M wrote telling me about her role in a new production. She is very proud. Yesterday, Rosina rang, she is potting and sweet as ever. Jorge and Juan are here, tall and smelly within my rooms.

I watched a fascinating Horizon programme. It showed maggots eating a dead mouse, but speeded up. Instead of eating randomly, it appears that the maggots work together in order. They secrete fluid that helps to break down the protein, and, on the film, it looked like a jelly with a thousand moving maggots within it. The jelly moved from the head of the body to the tail. Only when just the skin and bones were left, did the maggots go their own way and mill around all over the body. Who would ever have thought that maggots work together like that.

 

DIARY 15: October 1980 - July 1981

18 October, Brighton

What contrasts are to be found within the space of an afternoon. First I find Peter embraced by his armchair, attempting to pull himself out of dark and deep depressions. He is small and humble and apologetic for his explosion of behaviour earlier in the year. He seems to have paid dearly for his splurge into racy dynamism. His room is a mess, quite characterless apart from poetry books that fill every corner. He is badly in debt but has been unable to go out into the world to work or face his fellow man. He looked well though and on the road to recovery. Next door, Fulvie is in her green room with postcards of impressionist paintings pinned up above the bed; rubber plants flourish more healthily than either of the flat's inhabitants. From her windows you can see the sea. She says she is going to begin a six-year course in fashion design. She has far to go.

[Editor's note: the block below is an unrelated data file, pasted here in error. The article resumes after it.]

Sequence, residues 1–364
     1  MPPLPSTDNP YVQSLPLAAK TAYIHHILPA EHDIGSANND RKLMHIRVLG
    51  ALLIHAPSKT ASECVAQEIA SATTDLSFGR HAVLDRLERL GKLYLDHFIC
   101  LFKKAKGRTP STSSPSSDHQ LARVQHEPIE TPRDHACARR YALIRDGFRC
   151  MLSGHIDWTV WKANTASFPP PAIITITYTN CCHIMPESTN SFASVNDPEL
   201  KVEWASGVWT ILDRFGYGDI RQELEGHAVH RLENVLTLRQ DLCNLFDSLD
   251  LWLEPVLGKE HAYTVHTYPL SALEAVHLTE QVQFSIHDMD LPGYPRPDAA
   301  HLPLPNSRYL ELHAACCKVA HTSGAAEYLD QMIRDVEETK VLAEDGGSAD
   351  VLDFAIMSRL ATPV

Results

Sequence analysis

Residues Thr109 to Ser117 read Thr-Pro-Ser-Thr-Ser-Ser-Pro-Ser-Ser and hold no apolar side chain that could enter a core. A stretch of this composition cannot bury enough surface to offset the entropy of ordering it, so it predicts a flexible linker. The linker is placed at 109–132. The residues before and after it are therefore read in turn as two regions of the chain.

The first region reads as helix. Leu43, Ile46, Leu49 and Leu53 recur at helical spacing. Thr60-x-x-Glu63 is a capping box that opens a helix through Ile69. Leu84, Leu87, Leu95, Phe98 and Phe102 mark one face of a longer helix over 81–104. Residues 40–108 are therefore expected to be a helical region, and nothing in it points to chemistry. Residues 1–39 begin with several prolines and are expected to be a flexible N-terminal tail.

Then from the pathos of their lives I go to see Annabel and Julek. Their house is a hive of ideas, buzzing buzzing buzzing between them and Julek's partner Alexis. They want to publish a book, go to California, work on a scale model of a patented drilling platform, do something with shoes, find millionaires to finance their schemes.

And from the buzzing back to my bicycle, through the cold and the dark and the night to my own reality. I pass files of choirboys and girls crossing the road - theirs is yet another world. I am always just the observer.

This is surely the winter of my discontent.

25 October

My head still works overtime, arranging, sorting, examining; it's full of self-analysis arising from self-doubt.

I listen to Handel's 'Water Music', and watch 'Doctor Who'.

I smoke some grass before sleeping, this relaxes my body well, and my mind takes to examining the way it works and the effect on itself. Thoughts take on a direction and I have the feeling that the direction is more wholly experienced, more fully covered. The brain is less anxious to skip from one subject to another, so, just as my body stays longer in one position relaxed, so my mind delays on one pattern.

Ros came visiting but didn't stay very long. And Harvey came the other night after I'd smoked. I wanted to tell him to go for it was difficult to be with him, to manage myself, as it always is for me with people when I've smoked. This annoys me. I am too self-conscious, too aware and naive about other's awareness. It upsets me that I cannot relax with people. I fear that I'll end up boasting about something. But that doesn't make sense, why should I be more tense than the next person?

I'm not sure I've got anything to say. Things still go down hill, down and down they go. I see myself becoming increasingly unstable, grabbing at anything that smells of hope but trying so hard not to hope. I can still fly, scream and dance, and even charm, but minutes later I am churning out the tears. I feel so hopeless. I need blinkers. I know why I need my niche, my rincon (corner) so badly - because from a corner one has limited visibility.

Paul K Lyons

November 1980

 

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INTRO to diaries: